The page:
That the SLPP is trying to generate a ‘fear psychosis’, when campaigning throughout the country is being conducted in a free and relatively peaceful manner with candidates mingling with crowds with the minimum of security will not be lost on the electorate.

    Easter attacks, a political tool

    Also, despite the PSC, the Presidential Commission of Inquiry and the subsequent Commission comprising of Court of Appeal justices, Opposition Leader Mahinda Rajapaksa has, during the election campaign pledged to appoint yet another ‘independent’ commission of inquiry into the Easter attacks. Even if such a commission eventuates, it is questionable whether it can arrive at findings at variance with the PSC.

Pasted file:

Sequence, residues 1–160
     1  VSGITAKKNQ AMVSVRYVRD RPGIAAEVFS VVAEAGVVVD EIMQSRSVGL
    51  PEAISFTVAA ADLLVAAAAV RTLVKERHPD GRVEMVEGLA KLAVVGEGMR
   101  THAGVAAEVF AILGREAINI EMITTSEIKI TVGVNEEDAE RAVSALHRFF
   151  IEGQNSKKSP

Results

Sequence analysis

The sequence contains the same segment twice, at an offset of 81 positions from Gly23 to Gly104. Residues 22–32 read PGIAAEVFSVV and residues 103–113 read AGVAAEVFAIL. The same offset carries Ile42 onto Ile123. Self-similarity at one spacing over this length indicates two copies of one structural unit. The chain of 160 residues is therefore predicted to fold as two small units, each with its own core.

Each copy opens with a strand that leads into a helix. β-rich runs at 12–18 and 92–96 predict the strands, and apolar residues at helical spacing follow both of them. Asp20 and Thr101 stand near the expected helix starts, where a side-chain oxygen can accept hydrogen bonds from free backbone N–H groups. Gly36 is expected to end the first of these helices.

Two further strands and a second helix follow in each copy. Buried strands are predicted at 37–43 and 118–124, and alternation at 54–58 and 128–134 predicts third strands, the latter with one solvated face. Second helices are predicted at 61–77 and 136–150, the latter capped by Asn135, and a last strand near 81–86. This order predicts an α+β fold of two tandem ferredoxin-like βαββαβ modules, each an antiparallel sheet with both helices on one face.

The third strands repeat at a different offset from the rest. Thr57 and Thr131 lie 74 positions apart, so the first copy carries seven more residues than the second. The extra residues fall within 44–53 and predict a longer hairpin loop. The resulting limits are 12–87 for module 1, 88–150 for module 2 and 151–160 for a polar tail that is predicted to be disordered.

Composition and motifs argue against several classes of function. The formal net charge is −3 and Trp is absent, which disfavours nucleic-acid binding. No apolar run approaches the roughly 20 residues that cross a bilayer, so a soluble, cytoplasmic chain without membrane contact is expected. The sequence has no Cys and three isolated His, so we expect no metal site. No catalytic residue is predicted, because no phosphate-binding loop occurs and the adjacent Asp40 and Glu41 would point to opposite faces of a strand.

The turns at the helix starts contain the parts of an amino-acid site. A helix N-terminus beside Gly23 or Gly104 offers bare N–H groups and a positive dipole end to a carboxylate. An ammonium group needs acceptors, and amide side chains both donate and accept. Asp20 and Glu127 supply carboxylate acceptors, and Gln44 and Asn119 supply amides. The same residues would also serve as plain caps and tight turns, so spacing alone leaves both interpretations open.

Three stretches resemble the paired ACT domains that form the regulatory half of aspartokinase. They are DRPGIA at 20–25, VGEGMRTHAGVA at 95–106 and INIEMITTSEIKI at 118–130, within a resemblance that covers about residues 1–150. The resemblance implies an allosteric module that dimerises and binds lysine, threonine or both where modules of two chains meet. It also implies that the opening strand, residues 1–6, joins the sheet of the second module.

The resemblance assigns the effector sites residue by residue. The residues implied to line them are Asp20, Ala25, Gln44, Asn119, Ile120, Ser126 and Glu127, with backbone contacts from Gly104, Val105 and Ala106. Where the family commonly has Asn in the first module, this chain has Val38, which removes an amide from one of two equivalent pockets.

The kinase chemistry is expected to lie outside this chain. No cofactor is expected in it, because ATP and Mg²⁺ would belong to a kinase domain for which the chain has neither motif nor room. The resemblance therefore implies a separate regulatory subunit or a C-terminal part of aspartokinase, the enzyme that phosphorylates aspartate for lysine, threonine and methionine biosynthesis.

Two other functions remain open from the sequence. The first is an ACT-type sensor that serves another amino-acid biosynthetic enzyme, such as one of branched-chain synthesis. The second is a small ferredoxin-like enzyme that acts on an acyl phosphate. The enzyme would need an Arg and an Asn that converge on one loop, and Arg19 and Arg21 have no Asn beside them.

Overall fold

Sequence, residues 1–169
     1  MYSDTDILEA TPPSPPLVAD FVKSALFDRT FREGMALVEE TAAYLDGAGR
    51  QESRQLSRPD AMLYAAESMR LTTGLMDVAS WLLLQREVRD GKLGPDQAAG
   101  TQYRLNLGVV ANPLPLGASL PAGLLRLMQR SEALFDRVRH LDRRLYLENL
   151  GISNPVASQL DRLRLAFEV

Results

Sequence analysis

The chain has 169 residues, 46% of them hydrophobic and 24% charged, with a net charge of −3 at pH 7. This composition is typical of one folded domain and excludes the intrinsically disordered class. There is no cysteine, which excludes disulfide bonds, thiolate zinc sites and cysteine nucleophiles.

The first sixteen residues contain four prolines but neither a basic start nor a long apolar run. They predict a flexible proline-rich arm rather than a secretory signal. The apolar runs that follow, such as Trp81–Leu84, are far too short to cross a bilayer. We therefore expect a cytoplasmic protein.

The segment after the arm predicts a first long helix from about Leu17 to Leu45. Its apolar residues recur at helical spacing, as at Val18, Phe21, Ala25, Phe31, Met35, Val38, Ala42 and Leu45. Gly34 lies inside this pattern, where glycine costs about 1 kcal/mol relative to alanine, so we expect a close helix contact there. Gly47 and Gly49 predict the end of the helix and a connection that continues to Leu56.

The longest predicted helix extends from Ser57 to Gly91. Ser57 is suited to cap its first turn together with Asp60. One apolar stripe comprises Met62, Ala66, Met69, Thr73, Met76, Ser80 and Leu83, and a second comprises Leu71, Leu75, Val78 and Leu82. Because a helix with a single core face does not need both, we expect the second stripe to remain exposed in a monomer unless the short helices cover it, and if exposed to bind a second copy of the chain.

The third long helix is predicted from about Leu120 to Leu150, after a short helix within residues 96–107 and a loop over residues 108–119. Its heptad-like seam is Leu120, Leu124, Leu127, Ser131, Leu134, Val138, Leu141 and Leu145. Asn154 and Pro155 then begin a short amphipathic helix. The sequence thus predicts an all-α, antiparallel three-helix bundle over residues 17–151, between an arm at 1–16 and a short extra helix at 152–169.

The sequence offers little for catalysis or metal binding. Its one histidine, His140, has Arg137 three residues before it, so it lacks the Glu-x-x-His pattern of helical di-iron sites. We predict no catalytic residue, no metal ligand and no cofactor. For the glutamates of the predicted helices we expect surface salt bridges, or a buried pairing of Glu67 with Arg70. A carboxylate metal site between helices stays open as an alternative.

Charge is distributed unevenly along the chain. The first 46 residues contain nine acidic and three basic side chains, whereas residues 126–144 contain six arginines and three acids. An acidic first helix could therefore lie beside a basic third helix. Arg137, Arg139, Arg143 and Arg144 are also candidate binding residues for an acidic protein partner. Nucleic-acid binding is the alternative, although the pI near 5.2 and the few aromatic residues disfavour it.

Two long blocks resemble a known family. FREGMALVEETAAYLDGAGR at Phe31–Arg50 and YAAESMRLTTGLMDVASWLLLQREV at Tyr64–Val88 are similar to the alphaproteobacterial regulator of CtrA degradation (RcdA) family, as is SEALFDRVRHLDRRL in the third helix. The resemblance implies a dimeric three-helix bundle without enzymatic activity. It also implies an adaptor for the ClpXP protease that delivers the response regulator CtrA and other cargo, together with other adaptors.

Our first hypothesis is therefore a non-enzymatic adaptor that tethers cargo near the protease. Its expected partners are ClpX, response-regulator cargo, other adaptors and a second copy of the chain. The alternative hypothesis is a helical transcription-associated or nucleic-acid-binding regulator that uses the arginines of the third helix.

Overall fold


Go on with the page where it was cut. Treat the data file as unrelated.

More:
It is clear from these developments that the principal opposition party, the SLPP, has no qualms about using the Easter Sunday attacks as a political tool in the presidential election campaign. Their strategists, having decided on this tactic, are relying on whipping up public sentiment against the government and thereby want that to reflect on the ruling party’s presidential candidate, Sajith Premadasa.

    That is a double-edged sword because, while it may sway some voters in the South of the country, it could equally alienate communities that dominate the Northern and Eastern provinces. While a final analysis will be possible only after the poll, there is no doubt that the Easter Sunday attacks will have a decisive impact on the November 16 election